When Max Allegri’s Juventus lined up in Cardiff to play the 2017 Champions League final against Real Madrid, the Bianconeri faced one of the most complete, imposing, and dominant midfields of the last decade — the exact same midfield that helped defeat Liverpool one year later in 2018, and the exact same midfield that helped defeat Atletico Madrid in 2016.
For all the credit that Cristiano Ronaldo justifiably deserves for Real Madrid’s success in recent memory, the club’s composition and continuity in the midfield ought to go down in history as an element just as important as the Portuguese winger. The trio has everything: incisive passing, the ability to carry the ball forward, shooting firepower, physical presence, intelligence ... you name it.
This is the midfield Juventus have not had for many, many years.
Miralem Pjanic will go down as a great and historic player for Juventus, but the fact that the BWRAO staff hardly considered the Bosnian for the team of the decade speaks volumes about the midfielders Maurizio Sarri currently has at his disposal. (Paul Pogba was the next one on the list for us, and probably Pjanic after that.)
Pjanic may be world-class; I think he probably is. But there may also be no sure way of knowing because he’s been isolated to such a degree for years. In that Champions League final in Cardiff, Allegri elected to play just one other midfielder (Sami Khedira, who was a little bit less Casper-like at that point, but still not great) while Claudio Marchisio, Mario Lemina, and Kwadwo Asamoah rode the bench.
For years, including this very moment, Juventus’ midfield has been adequate at best when considered against the club’s aspirations (Serie A dominance, a Champions League crown). Even so, the Bianconeri have continued to see on-field success despite very little investment into their weakest collective unit, and for the last three years there’s been no one to thank more for that fact than Blaise Matuidi.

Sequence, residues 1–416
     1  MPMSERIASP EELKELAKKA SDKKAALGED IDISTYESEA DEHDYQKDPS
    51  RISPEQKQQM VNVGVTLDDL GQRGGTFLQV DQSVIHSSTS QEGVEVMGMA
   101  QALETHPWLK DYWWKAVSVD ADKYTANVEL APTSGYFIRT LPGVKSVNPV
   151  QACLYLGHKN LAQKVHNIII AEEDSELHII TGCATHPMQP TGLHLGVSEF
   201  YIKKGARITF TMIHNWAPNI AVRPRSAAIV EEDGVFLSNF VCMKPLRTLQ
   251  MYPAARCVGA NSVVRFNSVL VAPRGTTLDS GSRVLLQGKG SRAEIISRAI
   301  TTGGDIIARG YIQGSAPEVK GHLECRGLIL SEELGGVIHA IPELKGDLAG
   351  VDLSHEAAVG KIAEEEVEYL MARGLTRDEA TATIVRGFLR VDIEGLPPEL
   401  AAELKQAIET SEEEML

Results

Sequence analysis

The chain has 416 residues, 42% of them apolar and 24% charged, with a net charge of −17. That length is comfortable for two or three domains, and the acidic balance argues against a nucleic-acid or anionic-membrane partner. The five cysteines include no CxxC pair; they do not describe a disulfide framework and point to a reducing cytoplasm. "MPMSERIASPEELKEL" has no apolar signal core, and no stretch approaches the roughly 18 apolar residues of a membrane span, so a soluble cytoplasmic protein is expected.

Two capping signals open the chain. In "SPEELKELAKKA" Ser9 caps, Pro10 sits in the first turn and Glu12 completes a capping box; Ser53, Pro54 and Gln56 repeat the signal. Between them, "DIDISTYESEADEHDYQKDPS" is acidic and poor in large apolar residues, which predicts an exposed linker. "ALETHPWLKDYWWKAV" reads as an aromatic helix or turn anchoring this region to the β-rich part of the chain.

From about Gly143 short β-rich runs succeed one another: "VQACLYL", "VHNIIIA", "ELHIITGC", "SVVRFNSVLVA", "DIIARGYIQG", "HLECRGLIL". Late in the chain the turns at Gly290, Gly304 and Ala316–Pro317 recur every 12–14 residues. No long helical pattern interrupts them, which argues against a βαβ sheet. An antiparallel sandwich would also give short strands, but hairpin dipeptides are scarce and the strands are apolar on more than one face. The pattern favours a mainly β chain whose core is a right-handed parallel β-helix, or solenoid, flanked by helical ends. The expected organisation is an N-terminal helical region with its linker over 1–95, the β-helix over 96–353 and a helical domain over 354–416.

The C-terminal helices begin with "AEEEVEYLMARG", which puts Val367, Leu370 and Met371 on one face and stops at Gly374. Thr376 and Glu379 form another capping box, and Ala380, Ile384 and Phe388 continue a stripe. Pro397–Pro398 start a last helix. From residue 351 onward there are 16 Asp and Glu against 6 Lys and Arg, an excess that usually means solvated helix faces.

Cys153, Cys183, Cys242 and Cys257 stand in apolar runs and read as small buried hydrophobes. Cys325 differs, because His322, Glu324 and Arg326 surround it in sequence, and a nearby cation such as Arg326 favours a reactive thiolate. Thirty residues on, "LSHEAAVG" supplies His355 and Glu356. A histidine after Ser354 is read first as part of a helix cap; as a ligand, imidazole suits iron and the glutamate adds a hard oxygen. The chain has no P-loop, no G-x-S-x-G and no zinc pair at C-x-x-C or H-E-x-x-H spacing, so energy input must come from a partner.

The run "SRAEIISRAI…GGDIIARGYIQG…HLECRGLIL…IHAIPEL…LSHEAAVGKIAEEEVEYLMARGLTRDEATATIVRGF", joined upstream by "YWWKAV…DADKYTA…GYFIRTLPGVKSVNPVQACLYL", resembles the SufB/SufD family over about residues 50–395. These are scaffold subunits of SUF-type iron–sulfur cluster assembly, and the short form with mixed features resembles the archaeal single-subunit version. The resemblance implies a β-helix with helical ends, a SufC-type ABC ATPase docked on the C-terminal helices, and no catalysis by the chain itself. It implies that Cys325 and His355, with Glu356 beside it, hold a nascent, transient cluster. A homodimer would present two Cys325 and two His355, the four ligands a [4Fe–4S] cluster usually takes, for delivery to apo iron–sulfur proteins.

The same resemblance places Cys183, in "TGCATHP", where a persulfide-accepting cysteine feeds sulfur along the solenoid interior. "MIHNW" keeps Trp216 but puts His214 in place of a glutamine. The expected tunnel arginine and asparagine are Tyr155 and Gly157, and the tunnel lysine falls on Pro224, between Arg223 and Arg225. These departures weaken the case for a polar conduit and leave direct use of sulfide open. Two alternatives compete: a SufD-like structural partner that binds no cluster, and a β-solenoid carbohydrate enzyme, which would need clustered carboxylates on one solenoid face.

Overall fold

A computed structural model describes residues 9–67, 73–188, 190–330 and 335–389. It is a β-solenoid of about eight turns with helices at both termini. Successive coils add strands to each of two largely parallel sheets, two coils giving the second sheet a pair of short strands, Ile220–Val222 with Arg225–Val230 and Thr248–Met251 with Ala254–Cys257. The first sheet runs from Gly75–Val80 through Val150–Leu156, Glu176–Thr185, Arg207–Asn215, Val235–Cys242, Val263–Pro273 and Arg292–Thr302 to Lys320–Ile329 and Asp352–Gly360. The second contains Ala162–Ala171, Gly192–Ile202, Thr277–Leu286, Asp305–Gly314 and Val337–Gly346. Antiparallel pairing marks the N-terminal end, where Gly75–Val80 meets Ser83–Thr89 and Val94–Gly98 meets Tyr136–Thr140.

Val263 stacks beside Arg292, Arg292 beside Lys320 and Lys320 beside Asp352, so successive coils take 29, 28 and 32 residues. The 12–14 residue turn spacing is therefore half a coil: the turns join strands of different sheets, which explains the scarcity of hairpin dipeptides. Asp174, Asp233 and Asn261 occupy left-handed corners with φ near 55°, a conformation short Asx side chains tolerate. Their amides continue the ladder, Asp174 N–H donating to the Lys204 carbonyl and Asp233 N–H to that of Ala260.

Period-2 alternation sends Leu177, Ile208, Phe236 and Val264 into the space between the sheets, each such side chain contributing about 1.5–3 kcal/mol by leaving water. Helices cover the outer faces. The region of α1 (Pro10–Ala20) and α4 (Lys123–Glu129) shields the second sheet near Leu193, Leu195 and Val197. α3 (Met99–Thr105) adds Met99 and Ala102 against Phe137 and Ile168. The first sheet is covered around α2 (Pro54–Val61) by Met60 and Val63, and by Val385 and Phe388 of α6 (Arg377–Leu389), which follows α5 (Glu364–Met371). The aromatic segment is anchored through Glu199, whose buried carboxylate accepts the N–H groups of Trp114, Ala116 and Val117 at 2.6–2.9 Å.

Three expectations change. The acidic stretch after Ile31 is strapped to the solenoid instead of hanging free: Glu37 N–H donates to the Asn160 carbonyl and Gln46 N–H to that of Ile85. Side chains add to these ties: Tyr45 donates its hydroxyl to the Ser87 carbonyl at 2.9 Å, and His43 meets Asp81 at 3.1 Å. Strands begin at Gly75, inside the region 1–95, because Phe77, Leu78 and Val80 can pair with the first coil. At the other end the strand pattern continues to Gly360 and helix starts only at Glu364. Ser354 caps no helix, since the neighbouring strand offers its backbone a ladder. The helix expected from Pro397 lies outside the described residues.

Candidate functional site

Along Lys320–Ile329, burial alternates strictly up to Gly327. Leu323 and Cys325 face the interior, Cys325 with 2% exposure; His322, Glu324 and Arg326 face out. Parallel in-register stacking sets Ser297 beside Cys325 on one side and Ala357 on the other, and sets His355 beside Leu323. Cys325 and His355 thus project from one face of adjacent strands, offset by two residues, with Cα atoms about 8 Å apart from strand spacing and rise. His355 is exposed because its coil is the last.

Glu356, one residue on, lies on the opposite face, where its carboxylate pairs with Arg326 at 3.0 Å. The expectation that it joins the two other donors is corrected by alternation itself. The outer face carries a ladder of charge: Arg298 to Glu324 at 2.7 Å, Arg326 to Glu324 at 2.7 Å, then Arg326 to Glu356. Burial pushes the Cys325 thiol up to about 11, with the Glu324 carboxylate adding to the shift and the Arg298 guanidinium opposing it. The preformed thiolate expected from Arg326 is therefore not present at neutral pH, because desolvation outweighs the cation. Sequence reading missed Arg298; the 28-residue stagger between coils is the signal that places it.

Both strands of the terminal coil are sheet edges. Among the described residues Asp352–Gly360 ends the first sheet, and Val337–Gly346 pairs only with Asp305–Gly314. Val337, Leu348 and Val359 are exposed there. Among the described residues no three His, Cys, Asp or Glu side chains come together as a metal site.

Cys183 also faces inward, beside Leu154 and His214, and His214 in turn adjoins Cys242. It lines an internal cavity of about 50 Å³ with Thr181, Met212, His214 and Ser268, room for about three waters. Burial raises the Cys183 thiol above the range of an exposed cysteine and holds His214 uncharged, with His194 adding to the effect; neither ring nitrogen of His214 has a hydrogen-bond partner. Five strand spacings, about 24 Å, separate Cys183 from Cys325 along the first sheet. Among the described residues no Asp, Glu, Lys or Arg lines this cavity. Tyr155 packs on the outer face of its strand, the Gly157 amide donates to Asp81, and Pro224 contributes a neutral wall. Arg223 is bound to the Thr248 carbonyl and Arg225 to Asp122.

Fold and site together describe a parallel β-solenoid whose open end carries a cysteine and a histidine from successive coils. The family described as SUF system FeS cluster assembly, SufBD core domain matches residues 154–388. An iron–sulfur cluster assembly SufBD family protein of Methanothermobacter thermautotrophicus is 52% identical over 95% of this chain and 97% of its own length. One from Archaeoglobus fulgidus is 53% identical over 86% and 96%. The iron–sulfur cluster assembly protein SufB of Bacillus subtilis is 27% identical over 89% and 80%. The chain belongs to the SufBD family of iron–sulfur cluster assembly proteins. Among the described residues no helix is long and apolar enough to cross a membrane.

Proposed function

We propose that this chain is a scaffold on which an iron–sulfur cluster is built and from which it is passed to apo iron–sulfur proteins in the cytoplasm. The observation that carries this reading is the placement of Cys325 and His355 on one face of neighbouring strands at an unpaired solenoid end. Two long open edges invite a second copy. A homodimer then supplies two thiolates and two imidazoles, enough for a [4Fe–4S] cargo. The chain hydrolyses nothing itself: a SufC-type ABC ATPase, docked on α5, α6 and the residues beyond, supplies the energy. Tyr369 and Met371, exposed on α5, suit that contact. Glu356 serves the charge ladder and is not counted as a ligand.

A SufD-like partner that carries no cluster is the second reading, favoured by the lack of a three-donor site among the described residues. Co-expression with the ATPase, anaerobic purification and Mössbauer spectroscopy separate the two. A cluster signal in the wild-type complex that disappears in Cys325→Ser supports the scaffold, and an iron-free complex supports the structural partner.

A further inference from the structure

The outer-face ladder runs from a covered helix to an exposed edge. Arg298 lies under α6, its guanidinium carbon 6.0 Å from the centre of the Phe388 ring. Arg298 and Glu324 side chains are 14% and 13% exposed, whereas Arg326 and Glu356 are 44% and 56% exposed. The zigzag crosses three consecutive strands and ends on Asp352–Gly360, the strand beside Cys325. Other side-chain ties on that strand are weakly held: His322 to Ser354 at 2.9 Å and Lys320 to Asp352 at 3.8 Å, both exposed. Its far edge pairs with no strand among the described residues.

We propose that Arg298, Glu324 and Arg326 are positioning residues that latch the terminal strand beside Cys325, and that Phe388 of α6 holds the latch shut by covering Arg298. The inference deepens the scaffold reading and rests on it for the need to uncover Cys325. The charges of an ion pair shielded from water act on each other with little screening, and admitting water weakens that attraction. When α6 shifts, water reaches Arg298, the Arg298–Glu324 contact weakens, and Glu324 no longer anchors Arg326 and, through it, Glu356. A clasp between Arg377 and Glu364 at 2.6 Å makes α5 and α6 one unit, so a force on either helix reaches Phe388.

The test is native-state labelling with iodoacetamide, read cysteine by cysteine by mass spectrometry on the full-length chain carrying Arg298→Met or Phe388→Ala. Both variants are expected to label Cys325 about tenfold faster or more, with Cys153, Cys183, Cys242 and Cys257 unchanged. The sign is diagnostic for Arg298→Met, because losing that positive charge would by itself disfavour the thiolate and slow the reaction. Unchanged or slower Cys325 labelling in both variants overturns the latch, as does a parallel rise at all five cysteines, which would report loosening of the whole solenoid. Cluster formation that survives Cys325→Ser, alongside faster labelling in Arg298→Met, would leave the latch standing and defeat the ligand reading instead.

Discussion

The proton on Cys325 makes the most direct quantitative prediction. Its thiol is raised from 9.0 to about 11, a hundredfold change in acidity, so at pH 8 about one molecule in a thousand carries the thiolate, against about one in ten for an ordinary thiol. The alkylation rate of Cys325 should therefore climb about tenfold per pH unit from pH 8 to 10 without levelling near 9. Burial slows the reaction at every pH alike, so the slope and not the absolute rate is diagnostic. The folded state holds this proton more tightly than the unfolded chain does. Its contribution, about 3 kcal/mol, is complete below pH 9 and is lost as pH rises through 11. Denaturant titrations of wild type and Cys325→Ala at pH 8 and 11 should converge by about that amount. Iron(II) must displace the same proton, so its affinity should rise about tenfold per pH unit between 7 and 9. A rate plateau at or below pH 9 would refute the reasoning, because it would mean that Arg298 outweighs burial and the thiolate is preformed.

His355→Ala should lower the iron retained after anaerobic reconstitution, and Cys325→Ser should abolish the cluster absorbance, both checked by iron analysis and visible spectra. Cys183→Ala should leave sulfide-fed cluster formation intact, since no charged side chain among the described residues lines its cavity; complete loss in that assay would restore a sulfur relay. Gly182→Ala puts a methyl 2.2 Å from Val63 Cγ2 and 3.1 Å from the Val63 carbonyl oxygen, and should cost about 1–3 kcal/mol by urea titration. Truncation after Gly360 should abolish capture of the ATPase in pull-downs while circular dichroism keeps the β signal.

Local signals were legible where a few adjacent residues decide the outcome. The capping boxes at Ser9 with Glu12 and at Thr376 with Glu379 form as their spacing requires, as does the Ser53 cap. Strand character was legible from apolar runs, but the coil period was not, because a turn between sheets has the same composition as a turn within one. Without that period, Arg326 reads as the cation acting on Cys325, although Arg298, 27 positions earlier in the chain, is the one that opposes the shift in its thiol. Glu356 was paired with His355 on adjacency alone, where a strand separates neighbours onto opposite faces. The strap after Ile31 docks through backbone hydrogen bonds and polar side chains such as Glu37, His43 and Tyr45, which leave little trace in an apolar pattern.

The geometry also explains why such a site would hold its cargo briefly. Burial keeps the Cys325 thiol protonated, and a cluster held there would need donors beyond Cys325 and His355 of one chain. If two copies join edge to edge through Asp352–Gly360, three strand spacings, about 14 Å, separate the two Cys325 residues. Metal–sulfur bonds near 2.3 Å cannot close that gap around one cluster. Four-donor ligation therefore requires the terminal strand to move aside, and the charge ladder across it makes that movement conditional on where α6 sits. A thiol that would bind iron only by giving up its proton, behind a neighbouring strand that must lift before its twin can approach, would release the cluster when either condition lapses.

One of the unfortunate ways in which many people talk about football players of color is purely (or at least mostly) in terms of physical attributes. Here is a fantastic article from the last World Cup discussing the racist undertones of the way Senegal’s team were described time and time again, and in general many players of color.
Even a preliminary dive into descriptions of Matuidi’s game on the internet will yield a majority of physical descriptors: he runs well, he has a great work rate, he’s fierce, he’s a good and hard tackler, he’s physical, he’s strong, he’s tenacious, he’s energetic, and so on and so forth. Luckily that’s not all you’ll find, and there is a great deal of truth to many of those descriptors to be sure; the proof for us Juve fans is in the last 2 1⁄2 years in Turin, and it’s one of the reasons why he lines up well with Pjanic in the midfield.
But the single most impressive thing to me about Matuidi is his intelligence. His tactical awareness, position on the pitch, and knowledge of when to make a run, when to retreat, when to shed covering one player in favor of another, when to double back to cover for Alex Sandro and when to overlap again — right now he’s light years ahead of Adrien Rabiot, his most likely replacement.
Matuidi is second only to Pjanic this for the Juventus midfielders in terms of minutes (1,230 to 1,094), and he’s garnered 300 minutes more than the next-highest Juventus midfielder (Rodrigo Bentancur).
On the surface, it’s hard to imagine a player who has less of a place on a Sarri-coached squad than Matuidi. The Frenchman doesn’t have much of a right foot, and though he can hold onto the ball well and knows where to move it, he’s not a player whose ability to carry the ball forward by himself inspires a lot of confidence.
Yet week in and week out, Sarri elects to play Matuidi. Many of us, myself included, probably assumed that Rabiot would slowly take this position, but that hasn’t been the case. In fact, it hasn’t only not been the case, but the current whispers, even if they’re from third-rate publications, is that teams like Everton, Manchester United, and Arsenal are interested in Rabiot as soon as this month. Juventus have added Emre Can and Rabiot in back-to-back years, both seemingly threats to displace Matuidi, but that hasn’t happened.
Does Juventus still need to invest in the midfield? Of course they do. A player like Sergej Milinkovic-Savic or Christian Eriksen could instantly transform this side and vault them into the highest echelon of European football. But it turns out that grabbing a free transfer — even with the huge wages that Juve offer and agent fees — hasn’t been the answer. Bentancur may get to a very high level sooner rather than later, but right now it’s Matuidi who has kept the ship from sinking.
I love Blaise Matuidi. I know he’s not the best player on the pitch, that he’s deficient in various ways, and that he’s not ever going to be mentioned next to names like Casemiro, Modric, or Kroos. But the Frenchman has been hugely important for this club over two and a half years, and without his influence on the pitch things could’ve been much worse.
What’s more, he plays the game with an infectious joy that’s second to none. That makes me happy, and I hope he stays in Turin to keep bringing that joy, skill, and intelligence to the black and white.